The spear-phishing email looked like this. It is about discussions on maritime issues between Taiwan and the USA. This time, I put a mosaic in the image, but the destination was the Taiwanese government organication. Also, the source is cable TV company in Taiwan. Attached to the email is a DOC file with the file name “Regarding bilateral consultations with the USA”.

When open the attached DOC file, it looks like this. It pretends to have an error instead of something like a file name. It says to apply an update to resolve the error. The URL is written for the download of the update. When try to download the update file from this URL, it actually downloads ZIP file containing malware.

The URL used at this time is very strange. At first glance, it may look like a legitimate Microsoft website. But, due to the structure of the URL, the original host information is Cuttly.

When access this URL, you will access to Cuttly. And it will redirect to ZIP file. At this time, the URL redirected from Cuttly was the website of a Taiwanese educational institution. But, this website was compromised, and a ZIP file containing malware was placed.

The ZIP file contains 2 EXE files, one TXT file, and one directory named “$RECYCLE.BIN” that looks like Windows trash box. There are 4 files in the $RECYCLE.BIN directory, all with the DOCX extension. But these are not DOCX files. They are actually malware.

By the way, did you notice that the update number written in the DOC file and the ZIP file are different? We don’t know if this was simply a mistake by the attacker or a remnant of another ongoing attack campaign.

Malware Analysis

Let’s take a look at how malware is executed. First, there are 2 files with the EXE extension included in the ZIP file, 系統安全補丁.exe and Install.exe. But the behavior is the same.

When the EXE file is executed, the 4 files placed in $RECYCLE.BIN will be copied to the mic directory under the ProgramData directory. At this time, the names of the 4 files are also changed. The 4 files are renamed to mic.exe, version.dll, mic.doc and mic.ver. And then, mic.exe is executed.

mic.exe is a legitimate file with a digital signature. But, it loads version.dll which exists in the same directory. When version.dll is executed by DLL Side-Loading, it loads and decrypts mic.doc. The decryption result is malware we call “micDown”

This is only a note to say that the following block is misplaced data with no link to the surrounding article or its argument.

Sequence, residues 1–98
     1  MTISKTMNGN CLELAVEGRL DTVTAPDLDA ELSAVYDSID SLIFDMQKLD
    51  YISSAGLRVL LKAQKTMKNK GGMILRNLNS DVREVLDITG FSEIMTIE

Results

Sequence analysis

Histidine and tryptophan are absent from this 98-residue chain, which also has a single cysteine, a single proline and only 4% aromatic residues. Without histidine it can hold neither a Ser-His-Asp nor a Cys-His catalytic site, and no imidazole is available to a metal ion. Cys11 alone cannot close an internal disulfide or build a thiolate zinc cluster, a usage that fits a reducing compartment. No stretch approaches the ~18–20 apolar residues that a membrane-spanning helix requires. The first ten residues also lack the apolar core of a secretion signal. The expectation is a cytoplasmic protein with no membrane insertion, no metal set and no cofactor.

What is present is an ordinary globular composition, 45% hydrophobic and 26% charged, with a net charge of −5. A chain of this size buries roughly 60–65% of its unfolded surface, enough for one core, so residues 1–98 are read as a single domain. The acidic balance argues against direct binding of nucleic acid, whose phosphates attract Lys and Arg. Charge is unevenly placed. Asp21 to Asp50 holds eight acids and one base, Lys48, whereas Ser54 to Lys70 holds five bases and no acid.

1. mic.exe
    • Legitimate EXE file with a digital signature
  2. version.dll
    • DLL for Side-Loading
    • Shellcode launcher for mic.doc
  3. mic.doc
    • Shellcode downloader (micDown)
  4. mic.ver
    • Config file for micDown

Decoding of version.dll process is in two steps. First version.dll decodes mic.doc and executes it as shellcode. The shellcode further decodes itself and continues execution.

The export function of version.dll is very simple. First, it reads mic.doc into the memory area allocated by VirtualAlloc with read, write, and execute permissions. Then, it decodes that data with a custom XOR algorithm that combines sub, xor add instructions. When decoding is complete, the process moves to the memory area where the decoded shellcode is located.

The decoded shellcode uses the same custom XOR algorithm as before. The RtlDecompressBuffer is then used to decompress. The shellcode is decoded from the beginning of the file, excluding jump instruction.

The decoded code executes the executable with the MZ header removed. It also decodes the data in mic.ver and uses it as a configuration. Finally, it downloads and executes the shellcode from the C&C server, saved in the config.

The shellcode is encoded with an algorithm similar to that of a previous file. It differs slightly from the file encoding algorithm in that the order of the add,sub,xor instruction is swapped.

The encoded config consists of a 0x40 byte C&C host area and a 0x2 byte port area. The IP address at this time was 103[.]199.17.184.

An attack similar to the Taiwanese attack we have previously described was also carried out in Nepal. Although the specific origin of the attack is unknown, a legitimate website was compromised and a ZIP file was installed, as was the case in Taiwan.

The legitimate website that was compromised was the Nepalese government’s COVID-19 vaccine-related website. For reference, China is known to have provided vaccines to Nepal as part of its One Belt, One Road partnership2. It is unclear what this has to do with the attacking campaing.

In the attack against Nepal, app.onedrivo[.] com was used as the C&C server. The domain was taken using PublicDomainRegistry. More on this domain later.